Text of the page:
The National Bison Range

R0002096If you happen to be in Montana, driving between Kalispell and Missoula or vice versa, I recommend you take a few hours and swing by the National Bison Range.

Encompassing a low range of grassy mountains at the south end of the Mission Valley, the bison range is a beautiful place.  It has been managed by the Fish and Wildlife Service since 1908, when then president (and honorary president of the American Bison Society) Theodore Roosevelt designated it as such.  It was started with bison purchased from Charles Conrad, one of the prominent early residents of Kalispell.  These bison came to live in the Flathead, not a traditional home of bison, when a Pend d’Oreille man returned from a hunt east on the plains with four bison calves in tow.  That was in 1872.  12 years later fewer than 400 wild bison were still alive in the United States.  By 1908 the total population had grown a fair bit, due mostly to private herds like Conrad’s, but also to the presence of the US Army preventing poaching in Yellowstone National Park.  The bison did well on the range, and by the late 20s 28 bison were shipped north to Alaska, to start what is now the robust and wild Delta Junction herd.

R0002098oday the bison range is home to around 400 bison, and in early summer the bulls, not yet in rut, are content to hang out in plain site down low where the best dust wallows are to be found.

For us the range is perfect, and M at 8 months pregnant is not interested in hiking very far.  In most of the range you cannot leave your vehicle, something recent events in Yellowstone certainly endorse.  So bring binoculars and spend leisurely time looking at the coolest mammals on earth.

R0002103The range in good habitat for the full complement of native ungulates, including 1 month old pronghorn.  Elk, both deer sub-species, and bighorn sheep are also common sights.

As a hunter I can’t look at sights like these without something of an anti-Buddhist longing and sense of infamy, but at the same time hunting has made me appreciate patience and observation, and made my game eye much better.  We saw pronghorn pairs, like the one above, a half mile away up on the hills.  It’s sad to admit that in seven years of living nearby, this was only our second visit.  Surely that record will get better soon.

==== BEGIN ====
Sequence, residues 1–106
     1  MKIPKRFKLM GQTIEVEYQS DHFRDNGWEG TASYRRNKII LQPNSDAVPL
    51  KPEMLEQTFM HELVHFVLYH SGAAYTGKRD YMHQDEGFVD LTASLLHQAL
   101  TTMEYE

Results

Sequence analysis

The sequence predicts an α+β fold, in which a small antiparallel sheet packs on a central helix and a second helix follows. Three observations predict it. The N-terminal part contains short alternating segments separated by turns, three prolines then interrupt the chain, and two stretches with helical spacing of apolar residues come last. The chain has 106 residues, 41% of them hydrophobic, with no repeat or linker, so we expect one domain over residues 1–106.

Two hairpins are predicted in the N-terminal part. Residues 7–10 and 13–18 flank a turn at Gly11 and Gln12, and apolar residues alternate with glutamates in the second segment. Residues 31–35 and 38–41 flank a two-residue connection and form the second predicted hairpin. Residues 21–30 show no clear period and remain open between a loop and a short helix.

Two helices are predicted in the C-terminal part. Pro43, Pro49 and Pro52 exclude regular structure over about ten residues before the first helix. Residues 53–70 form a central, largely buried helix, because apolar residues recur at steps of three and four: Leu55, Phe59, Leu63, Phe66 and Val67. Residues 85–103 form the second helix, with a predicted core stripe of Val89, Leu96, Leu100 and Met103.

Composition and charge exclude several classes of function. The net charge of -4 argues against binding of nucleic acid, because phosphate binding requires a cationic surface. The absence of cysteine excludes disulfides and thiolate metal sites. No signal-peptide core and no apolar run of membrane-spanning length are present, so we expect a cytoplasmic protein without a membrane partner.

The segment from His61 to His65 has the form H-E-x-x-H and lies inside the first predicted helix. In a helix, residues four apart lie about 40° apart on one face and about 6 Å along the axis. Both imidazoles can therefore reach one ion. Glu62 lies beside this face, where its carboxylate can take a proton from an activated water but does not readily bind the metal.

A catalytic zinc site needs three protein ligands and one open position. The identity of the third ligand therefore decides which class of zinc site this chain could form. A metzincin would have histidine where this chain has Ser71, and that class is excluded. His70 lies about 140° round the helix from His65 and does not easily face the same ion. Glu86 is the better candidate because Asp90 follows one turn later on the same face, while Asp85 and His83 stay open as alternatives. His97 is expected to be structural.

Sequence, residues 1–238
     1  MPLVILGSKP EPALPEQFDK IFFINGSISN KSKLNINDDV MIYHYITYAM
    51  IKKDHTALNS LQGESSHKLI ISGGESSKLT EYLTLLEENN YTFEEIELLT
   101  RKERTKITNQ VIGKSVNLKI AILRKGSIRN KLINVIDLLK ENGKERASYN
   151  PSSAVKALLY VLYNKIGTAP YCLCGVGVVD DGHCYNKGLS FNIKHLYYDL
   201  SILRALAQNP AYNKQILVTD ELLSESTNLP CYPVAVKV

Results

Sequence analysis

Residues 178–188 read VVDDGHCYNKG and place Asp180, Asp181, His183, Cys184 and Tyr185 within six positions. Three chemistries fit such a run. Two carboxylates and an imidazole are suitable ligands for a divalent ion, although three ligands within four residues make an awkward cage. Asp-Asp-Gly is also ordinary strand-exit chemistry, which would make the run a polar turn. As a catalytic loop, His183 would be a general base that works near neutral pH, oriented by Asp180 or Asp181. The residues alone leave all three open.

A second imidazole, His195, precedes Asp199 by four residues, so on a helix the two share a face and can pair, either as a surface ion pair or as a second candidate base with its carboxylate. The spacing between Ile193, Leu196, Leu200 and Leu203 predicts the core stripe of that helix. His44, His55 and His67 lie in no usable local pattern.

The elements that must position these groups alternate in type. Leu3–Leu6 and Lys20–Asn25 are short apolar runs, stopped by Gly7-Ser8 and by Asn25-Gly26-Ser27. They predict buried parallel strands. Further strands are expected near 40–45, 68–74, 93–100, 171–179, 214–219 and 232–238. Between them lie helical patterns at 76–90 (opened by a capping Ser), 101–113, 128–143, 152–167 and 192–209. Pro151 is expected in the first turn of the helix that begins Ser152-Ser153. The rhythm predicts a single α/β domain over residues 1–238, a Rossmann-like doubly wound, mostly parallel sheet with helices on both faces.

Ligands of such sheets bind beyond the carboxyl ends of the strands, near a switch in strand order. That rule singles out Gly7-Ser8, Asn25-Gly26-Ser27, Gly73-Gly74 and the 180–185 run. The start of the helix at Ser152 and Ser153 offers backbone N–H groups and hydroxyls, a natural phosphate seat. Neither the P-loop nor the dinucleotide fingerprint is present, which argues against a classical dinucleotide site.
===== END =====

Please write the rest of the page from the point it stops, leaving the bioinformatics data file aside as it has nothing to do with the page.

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3 thoughts on “The National Bison Range

  1. I started researching the local herd in the Wichita Mountains Wildlife Refuge after I read the “Bring bison back” post. I came across some American Bison Society reports on archive.org that contain some turn of the century bison census figures, scouting trip reports for future herd locations, and final reports for herd re-introductions.

    Scouting the Flathead – https://archive.org/stream/report__1190507amer#page/n25/mode/2up

    1920 Census – https://archive.org/stream/report191920amer#page/28/mode/2up

    Packing instructions by William Hornaday – https://archive.org/stream/report__1190507amer#page/62/mode/2up

    1. Fantastic stuff. There used to be bison in Golden Gate Park!

      The present location is a great one for the bison range, and it was nice they Society was able to get their first choice. I find it interesting they were considering Wild Horse Island, as the State of Montana later acquired it and introduced a herd of bighorns, which have done very well and provided many of the sheep used to repopulate other areas of the state.

  2. Not nearly as big as the herd in Montana, but the USF&W has a herd on a refuge outside of Denver. In fact, IIRC, the “seed” herd came from the refuge mentioned in MT. Nice to see them back on the high plains. There are plans to reintroduce them Soapstone Prairie outside of Ft. Collins, CO within the year as well. As you said, awesome animals.

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